But our grades don't look right. We have two issues to solve. First, we've left the header in the data. Second, we can’t calculate an average of strings, so we need to cast them to floats.

To solve the first issue, we use index slicing and skip the first row. This means we write data[1:] instead of simply data. Then, we wrap row[2] with the float() function to get numbers we can work with.

We can also use some maps and filters. Sounds mysterious? If we've managed to intrigue you, then check out Xavier's article, “Map, Filter, and Reduce – Working on Streams in Python.”

Side note: writing row[2] is not the prettiest solution. It's obvious we get the value from the third column, but we'll get back to this bit later in the article to use column names.

>>> [float(row[2]) for row in data[1:]]
[4.0, 5.0, 3.0, 5.0, 2.0, 4.0, 3.0, 5.0, 5.0, 6.0, 6.0, 1.0, 1.0, 3.0, 4.0, 4.0, 4.0, 4.5]

Ahhh yes! That looks right. Let's assign that expression to the grades variable and calculate the two values we talked about at the start of this section.

>>> sum_grades = sum(grades)
>>> count_grades = len(grades)
>>> grades_avg = sum_grades / count_grades
>>> print("Average:", grades_avg)
Average: 3.861111111111111

Done! Pretty self-explanatory, isn’t it? The first line sums the whole list. The second line calculates the length of the list, that is, the number of elements. And the third line is a basic division to get us the average.

Read a CSV File Into a List of Dictionaries

As promised earlier, we now see how to use column names from the header to access the data. To do so, we use csv.DictReader().

As the name suggests, it parses each row as a dictionary, using the header row to determine column names. If you don't have a header row, you may specify the fieldnames argument. The rest is pretty much the same. Read about more details in the official documentation or learn in our CSV course.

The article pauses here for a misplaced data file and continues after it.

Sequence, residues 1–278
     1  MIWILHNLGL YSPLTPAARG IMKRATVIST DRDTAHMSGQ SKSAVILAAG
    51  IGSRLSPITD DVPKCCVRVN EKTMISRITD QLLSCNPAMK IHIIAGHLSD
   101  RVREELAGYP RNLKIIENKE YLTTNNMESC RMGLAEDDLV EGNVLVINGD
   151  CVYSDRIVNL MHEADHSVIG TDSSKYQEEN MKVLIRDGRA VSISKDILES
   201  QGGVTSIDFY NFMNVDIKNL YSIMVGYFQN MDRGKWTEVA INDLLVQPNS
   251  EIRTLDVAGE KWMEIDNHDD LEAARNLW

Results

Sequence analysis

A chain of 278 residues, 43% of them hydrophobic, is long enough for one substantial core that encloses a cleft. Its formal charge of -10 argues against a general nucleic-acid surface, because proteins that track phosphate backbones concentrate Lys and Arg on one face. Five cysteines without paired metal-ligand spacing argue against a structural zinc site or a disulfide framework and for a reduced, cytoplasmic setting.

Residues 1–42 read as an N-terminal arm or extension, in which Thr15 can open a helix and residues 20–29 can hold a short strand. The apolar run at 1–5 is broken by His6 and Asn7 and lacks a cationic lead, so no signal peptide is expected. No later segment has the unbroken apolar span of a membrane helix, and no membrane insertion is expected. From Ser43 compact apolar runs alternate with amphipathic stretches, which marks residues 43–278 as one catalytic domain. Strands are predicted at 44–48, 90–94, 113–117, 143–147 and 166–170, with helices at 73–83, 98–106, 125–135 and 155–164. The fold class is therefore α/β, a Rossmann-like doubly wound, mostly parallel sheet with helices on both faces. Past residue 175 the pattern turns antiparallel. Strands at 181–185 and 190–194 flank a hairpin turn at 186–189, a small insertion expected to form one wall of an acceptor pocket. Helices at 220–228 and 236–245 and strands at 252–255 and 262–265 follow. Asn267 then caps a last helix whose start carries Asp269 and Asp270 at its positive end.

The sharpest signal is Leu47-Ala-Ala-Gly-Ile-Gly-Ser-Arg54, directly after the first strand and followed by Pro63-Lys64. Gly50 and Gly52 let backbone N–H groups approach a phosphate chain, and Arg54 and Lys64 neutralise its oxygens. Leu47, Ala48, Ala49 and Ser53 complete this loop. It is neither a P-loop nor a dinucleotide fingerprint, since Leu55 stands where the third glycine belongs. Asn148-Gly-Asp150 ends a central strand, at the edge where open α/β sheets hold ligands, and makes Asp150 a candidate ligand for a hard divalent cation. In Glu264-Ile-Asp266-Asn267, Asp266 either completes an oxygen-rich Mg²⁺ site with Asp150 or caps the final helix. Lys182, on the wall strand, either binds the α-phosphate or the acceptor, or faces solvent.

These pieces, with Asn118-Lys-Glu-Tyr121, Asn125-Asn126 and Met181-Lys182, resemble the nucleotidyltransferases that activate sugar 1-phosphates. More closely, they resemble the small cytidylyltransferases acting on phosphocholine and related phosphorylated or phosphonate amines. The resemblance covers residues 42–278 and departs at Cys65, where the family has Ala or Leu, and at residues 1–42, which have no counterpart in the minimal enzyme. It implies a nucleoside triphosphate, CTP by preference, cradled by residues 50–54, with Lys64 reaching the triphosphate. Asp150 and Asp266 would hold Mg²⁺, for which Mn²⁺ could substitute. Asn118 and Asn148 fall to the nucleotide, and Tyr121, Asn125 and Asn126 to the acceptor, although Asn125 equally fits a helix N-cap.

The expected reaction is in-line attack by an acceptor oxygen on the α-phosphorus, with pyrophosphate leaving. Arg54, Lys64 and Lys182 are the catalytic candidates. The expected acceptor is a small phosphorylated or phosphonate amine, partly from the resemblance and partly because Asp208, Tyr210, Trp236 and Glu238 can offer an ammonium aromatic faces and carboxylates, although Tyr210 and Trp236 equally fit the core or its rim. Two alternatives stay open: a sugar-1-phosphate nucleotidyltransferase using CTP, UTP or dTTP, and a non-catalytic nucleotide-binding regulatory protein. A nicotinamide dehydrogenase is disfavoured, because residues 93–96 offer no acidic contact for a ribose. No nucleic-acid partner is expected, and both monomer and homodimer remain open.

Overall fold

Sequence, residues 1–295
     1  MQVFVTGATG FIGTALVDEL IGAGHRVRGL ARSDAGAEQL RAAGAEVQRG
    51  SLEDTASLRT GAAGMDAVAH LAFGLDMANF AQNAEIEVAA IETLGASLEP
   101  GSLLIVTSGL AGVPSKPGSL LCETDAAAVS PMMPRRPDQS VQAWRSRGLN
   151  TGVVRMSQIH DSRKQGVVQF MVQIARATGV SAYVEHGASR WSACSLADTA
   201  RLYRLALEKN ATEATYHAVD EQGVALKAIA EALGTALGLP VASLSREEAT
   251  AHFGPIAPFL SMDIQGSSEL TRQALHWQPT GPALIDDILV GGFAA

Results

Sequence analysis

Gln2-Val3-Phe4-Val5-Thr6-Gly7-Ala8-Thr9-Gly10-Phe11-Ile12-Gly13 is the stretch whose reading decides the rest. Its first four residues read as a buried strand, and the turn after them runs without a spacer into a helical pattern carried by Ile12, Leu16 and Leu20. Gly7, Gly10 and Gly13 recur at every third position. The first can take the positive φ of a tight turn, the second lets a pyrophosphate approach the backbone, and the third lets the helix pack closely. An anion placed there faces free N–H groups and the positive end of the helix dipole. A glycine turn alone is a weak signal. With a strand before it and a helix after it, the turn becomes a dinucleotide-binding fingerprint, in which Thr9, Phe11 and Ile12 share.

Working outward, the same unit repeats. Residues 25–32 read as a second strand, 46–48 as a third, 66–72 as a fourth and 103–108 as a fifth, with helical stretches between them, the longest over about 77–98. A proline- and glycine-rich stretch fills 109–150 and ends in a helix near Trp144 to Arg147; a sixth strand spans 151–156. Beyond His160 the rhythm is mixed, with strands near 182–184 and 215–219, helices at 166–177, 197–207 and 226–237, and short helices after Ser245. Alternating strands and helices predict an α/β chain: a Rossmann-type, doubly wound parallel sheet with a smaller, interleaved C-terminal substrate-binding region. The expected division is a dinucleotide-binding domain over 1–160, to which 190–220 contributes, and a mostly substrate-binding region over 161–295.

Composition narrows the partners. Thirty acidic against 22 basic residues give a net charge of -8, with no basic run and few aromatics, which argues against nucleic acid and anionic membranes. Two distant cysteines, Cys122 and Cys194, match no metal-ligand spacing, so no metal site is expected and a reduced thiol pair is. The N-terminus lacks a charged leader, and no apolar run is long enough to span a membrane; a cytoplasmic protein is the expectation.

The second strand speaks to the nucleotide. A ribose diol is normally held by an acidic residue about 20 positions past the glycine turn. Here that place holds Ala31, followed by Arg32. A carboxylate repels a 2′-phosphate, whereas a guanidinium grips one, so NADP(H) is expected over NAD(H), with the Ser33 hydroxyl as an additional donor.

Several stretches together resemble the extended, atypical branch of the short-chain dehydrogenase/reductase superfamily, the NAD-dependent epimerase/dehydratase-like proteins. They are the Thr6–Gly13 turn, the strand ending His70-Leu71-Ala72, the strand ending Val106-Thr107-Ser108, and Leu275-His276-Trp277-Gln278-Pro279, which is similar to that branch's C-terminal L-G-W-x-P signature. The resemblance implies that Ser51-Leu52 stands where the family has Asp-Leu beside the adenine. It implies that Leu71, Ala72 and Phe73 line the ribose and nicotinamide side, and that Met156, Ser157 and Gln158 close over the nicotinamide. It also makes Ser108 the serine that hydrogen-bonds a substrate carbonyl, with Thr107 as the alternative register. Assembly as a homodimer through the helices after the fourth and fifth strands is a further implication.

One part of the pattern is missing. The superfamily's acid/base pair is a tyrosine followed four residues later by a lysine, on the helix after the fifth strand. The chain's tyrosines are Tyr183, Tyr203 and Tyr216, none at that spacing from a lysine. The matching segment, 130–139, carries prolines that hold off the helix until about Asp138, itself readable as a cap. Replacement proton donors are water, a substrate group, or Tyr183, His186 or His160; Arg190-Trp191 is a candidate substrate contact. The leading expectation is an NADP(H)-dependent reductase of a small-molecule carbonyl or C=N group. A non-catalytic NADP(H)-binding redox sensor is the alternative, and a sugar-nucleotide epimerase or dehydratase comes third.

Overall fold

Let's rewrite the code:

>>> import csv
>>> file = open("data.csv", "r")
>>> data = list(csv.DictReader(file, delimiter=","))
>>> file.close()
>>> print(data)
[{'id': '1', 'student': 'John', 'grade': '4'}, {'id': '2', 'student': 'Emily', 'grade': '5'}, {'id': '3', 'student': 'Emma', 'grade': '3'}, {'id': '4', 'student': 'Patricia', 'grade': '5'}, {'id': '5', 'student': 'James', 'grade': '2'}, {'id': '6', 'student': 'Michael', 'grade': '4'}, {'id': '7', 'student': 'David', 'grade': '3'}, {'id': '8', 'student': 'Linda', 'grade': '5'}, {'id': '9', 'student': 'Andrew', 'grade': '5'}, {'id': '10', 'student': 'Mary', 'grade': '6'}, {'id': '11', 'student': 'Kevin', 'grade': '6'}, {'id': '12', 'student': 'Barbara', 'grade': '1'}, {'id': '13', 'student': 'George', 'grade': '1'}, {'id': '14', 'student': 'Peter', 'grade': '3'}, {'id': '15', 'student': 'Zach', 'grade': '4'}, {'id': '16', 'student': 'Susan', 'grade': '4'}, {'id': '17', 'student': 'Lisa', 'grade': '4'}, {'id': '18', 'student': 'Tim', 'grade': '4.5'}]

As simple as that! Now, we can make extracting the grades prettier:

>>> [float(row["grade"]) for row in data]
[4.0, 5.0, 3.0, 5.0, 2.0, 4.0, 3.0, 5.0, 5.0, 6.0, 6.0, 1.0, 1.0, 3.0, 4.0, 4.0, 4.0, 4.5]

The remaining code – calculating the average – is the same.

Read CSV Files in Python and Do More With Data!

Great! Python comes with a plethora of modules and functions that make such tasks significantly easier. In this article, we have reviewed parsing CSV files in Python. To display a table of your data, learn with Luke's article on how to pretty-print – with just pure Python or with additional modules.

Also, take a look at our Python for Data Science track through practical step-by-step exercises. Start doing more with the data you already have!